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We're Standing with Kentuckians: Saying "No" to Senate Bill 88

Testimony: Economic Development & Tourism Committee


February 11, 2013

Submitted by:
James T. Kimbrough
President
AARP Kentucky

Senate Bill 88 - Opposed

Good afternoon, Madam Chair and members of the committee.  My name is Jim Kimbrough, and I am the AARP Kentucky State President. Thank you for this opportunity to express our comments on Senate Bill 88

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AARP opposes SB 88 because, if enacted, it would likely result in the loss of affordable basic phone service for Kentuckians living on low and fixed incomes and those living in rural exchanges.  It will allow phone companies to raise rates for a vital service for which there is little competition and eliminate valuable consumer protections.

For many of our 460,000 AARP members in Kentucky, telephone communication is a basic necessity, allowing older people to maintain social contact, preserve health and safety, and gain assistance in an emergency.  AARP’s national research has found that people age 65 and older are more likely than any other age group to have telephone service in their home.  More importantly, AARP’s most recent survey found that AARP members age 50-plus in Kentucky maintain their landline telephone service while also subscribing to cell phone service.  Only a mere 18% of those who use a cell phone have eliminated their landline telephone service.  Fifty-plus AARP members in Kentucky also believe it is important that the Public Service Commission continue to oversee the rates charged and the quality of service provided by landline telephone service providers.

AARP’s policy on telecommunications services supports efficient, transparent, and fair markets, with established rights and protections that promote and safeguard the health, safety, and economic interests of consumers.  Our policy recognizes that competition in the market for telecommunications services can give consumers real choices and promote their economic well-being.  But competition that benefits consumers depends on the likelihood that they can and will actually switch service providers.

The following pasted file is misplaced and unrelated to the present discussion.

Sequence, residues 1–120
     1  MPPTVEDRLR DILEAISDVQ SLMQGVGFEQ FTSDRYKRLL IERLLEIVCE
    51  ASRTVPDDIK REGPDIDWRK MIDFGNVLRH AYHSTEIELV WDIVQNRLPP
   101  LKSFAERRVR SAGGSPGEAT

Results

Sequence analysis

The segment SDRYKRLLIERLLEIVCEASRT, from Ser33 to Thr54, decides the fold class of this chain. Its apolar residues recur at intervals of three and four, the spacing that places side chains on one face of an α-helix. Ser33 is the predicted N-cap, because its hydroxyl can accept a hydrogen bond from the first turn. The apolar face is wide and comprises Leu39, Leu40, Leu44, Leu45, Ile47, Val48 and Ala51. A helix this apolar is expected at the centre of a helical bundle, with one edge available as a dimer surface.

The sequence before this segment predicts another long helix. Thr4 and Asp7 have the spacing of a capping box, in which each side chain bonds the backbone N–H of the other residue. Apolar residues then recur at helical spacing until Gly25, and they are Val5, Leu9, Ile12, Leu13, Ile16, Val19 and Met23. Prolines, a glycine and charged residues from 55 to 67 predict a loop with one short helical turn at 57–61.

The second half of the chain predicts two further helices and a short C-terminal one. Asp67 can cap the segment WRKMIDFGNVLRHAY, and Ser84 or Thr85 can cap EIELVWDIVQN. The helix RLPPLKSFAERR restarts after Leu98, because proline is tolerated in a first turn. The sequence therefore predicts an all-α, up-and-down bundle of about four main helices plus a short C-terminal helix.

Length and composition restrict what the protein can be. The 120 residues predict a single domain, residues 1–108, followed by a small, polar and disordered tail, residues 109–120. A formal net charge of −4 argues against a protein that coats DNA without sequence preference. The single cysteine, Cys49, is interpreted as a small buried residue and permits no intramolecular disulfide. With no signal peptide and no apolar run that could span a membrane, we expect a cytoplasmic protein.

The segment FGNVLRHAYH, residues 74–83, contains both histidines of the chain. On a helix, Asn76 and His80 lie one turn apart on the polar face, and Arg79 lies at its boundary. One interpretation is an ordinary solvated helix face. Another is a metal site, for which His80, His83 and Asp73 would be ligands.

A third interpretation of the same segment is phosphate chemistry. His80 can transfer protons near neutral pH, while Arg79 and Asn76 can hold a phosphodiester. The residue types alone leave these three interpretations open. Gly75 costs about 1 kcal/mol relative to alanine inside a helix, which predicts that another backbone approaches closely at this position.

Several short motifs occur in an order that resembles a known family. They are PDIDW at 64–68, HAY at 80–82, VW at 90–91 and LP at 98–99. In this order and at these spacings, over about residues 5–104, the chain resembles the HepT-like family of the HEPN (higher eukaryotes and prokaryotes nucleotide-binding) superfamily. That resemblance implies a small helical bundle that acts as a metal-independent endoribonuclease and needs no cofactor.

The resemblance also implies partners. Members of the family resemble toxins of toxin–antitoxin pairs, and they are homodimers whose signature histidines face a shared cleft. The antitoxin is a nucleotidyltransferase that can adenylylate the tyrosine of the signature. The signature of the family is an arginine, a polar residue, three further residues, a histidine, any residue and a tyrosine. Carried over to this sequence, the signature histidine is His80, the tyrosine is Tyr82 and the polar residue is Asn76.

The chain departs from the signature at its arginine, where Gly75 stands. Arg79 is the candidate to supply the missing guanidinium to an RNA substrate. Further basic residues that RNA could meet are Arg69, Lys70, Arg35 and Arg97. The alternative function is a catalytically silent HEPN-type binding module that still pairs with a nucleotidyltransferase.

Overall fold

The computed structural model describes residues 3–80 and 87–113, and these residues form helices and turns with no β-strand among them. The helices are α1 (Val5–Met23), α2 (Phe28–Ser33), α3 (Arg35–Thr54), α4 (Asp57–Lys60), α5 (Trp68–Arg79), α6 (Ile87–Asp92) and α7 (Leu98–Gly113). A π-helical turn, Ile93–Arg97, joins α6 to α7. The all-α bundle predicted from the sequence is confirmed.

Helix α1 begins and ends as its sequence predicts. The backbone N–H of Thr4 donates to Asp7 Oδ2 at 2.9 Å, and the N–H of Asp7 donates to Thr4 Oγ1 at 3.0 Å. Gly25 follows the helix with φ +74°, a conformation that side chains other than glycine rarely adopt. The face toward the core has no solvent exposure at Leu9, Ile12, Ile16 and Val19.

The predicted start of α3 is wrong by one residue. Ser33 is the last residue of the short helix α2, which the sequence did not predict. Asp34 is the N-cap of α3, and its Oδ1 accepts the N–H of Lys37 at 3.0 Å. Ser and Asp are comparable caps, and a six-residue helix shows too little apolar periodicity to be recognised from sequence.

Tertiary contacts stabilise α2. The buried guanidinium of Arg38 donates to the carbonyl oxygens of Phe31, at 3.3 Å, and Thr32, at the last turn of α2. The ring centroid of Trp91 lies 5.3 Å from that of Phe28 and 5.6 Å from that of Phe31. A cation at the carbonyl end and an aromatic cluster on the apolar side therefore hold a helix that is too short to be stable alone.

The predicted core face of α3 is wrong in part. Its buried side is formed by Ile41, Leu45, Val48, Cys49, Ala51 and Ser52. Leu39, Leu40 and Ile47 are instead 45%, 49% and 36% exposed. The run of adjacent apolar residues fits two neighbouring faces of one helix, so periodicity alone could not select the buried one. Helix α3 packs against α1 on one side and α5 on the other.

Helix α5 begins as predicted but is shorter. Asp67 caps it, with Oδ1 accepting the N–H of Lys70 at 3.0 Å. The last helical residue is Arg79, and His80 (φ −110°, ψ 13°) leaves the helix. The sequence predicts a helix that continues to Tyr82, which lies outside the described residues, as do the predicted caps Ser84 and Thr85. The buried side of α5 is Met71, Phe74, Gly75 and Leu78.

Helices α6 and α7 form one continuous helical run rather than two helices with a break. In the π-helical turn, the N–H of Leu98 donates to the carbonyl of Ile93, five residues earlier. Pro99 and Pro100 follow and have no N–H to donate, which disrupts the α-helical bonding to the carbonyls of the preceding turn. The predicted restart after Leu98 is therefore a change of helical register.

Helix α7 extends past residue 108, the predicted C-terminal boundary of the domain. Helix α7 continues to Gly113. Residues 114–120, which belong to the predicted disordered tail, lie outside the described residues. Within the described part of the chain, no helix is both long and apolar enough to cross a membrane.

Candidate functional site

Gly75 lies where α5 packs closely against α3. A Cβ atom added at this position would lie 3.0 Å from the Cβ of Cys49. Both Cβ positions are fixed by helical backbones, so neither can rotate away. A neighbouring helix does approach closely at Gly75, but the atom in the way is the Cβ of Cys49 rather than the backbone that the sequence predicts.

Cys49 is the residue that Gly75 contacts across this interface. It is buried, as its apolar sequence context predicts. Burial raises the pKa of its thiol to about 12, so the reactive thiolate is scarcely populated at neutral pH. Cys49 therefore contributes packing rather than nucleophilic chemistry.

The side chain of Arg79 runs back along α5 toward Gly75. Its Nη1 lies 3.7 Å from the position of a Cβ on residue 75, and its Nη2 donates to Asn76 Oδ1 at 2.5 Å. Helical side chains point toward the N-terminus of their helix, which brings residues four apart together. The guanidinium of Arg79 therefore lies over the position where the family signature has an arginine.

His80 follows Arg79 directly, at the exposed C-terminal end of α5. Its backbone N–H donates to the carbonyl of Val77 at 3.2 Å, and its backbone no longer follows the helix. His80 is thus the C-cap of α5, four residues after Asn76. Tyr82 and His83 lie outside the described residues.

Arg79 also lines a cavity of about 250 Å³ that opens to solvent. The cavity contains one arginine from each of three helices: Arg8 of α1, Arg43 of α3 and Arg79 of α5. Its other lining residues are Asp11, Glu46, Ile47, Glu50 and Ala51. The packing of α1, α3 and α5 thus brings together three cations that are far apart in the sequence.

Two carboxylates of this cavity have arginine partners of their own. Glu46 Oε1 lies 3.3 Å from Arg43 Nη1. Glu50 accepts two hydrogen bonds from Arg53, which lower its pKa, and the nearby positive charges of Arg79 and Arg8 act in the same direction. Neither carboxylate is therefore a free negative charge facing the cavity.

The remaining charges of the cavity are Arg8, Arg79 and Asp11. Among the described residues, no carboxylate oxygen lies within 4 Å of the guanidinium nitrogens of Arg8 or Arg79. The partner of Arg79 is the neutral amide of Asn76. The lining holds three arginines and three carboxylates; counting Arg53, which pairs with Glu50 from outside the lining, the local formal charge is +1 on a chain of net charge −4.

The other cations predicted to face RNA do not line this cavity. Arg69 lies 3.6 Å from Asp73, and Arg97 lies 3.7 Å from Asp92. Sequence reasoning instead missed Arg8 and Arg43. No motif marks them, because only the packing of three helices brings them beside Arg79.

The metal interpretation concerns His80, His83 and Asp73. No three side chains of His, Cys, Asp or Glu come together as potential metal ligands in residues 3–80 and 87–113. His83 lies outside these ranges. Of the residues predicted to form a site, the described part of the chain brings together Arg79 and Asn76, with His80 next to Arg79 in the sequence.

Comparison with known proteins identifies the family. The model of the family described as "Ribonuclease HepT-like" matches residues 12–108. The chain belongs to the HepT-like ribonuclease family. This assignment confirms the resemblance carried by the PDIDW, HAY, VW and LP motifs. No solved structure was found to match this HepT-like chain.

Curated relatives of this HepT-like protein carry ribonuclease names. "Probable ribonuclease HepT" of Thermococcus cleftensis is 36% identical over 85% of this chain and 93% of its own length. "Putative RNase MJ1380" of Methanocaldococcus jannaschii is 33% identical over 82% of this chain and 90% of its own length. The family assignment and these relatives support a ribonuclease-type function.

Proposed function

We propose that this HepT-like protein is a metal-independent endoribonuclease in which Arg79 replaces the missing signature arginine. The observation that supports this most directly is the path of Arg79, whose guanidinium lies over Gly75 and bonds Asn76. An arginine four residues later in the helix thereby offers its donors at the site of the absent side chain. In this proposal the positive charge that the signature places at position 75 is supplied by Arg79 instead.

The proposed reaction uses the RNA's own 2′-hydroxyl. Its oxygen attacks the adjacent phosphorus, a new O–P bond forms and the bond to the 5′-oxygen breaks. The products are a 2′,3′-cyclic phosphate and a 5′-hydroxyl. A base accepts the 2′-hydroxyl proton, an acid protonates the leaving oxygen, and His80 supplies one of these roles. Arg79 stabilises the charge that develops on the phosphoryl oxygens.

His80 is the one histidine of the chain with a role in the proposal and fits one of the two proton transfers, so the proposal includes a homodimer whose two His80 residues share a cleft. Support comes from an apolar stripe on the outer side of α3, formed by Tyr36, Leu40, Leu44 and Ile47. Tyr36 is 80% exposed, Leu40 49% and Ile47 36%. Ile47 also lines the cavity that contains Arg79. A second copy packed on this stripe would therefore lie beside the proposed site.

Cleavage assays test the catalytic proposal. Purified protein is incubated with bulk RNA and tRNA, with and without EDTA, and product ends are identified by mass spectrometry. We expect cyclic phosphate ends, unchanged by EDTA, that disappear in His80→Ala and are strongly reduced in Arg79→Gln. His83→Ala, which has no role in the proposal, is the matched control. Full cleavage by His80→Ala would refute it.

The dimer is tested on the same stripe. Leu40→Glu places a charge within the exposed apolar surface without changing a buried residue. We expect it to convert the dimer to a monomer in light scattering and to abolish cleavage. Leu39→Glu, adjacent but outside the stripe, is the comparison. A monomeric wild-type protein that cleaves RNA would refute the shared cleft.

However, at the end of an existing rate cap period, Senate Bill 88 would eliminate the obligation of an electing incumbent carrier to provide service, even in small rural exchanges, regardless of whether an effectively competitive market exists.  Please read the provisions of the bill closely.

Senate Bill 88 would allow an electing carrier to eliminate service to any areas that it does not wish to serve, potentially leaving areas of higher-cost and those in which low-income consumers reside without access to basic phone service.

Senate Bill 88 would eliminate the PSC’s obligation to resolve consumer complaints.

Senate Bill 88 would also eliminate carrier of last resort (COLR) obligations.  It would allow providers to withdraw basic local exchange service, or charge any price for that service, in any service area where two or more service providers offer a voice service by whatever technology it chooses.  No consideration would be given as to the service quality or reliability of any alternate service offerings or the rates that customers would be forced to pay.

As Kentucky moves toward a competitive marketplace, AARP strongly believes that carrier of last resort (COLR) policies will still be needed. Competition by itself cannot ensure broad-based access.  AARP believes COLR policies are still needed to give regulators the tools to assure that at least one carrier is in place to provide essential, reliable, and affordable services in all areas.  At the very least, the legislature should extend COLR responsibilities for a reasonable period of time based on empirical evidence that definitively supports elimination or curtailment of COLR responsibilities.

In fact, AARP urges the legislature to require the Public Service Commission to open a formal proceeding to determine the effects of deregulation of basic local service on Kentuckians.


Where effective competition exists, the marketplace yields reasonable rates and service quality.  Where effective competition does not yet exist, Commission oversight yields reasonable rates and service quality and ensures that consumers can purchase “stand-alone” reliable phone service.

Where a public utility can certify and demonstrate that there is residential demand for alternative providers and supply of stand-alone basic local exchange service by alternative providers at or below the incumbent carrier’s rate, only then should a petitioning provider be allowed to offer voice services in a given exchange on a deregulated basis.  Incumbent carriers must bear the burden of demonstrating that effective competition exists.

AARP calls on Kentucky’s policymakers to ensure that the citizens of this state have access to affordable and reliable basic local exchange service.  For the reasons expressed in this testimony, AARP urges you to vote against Senate Bill 88.

Thank you for your consideration and I’m glad to answer any questions.

 

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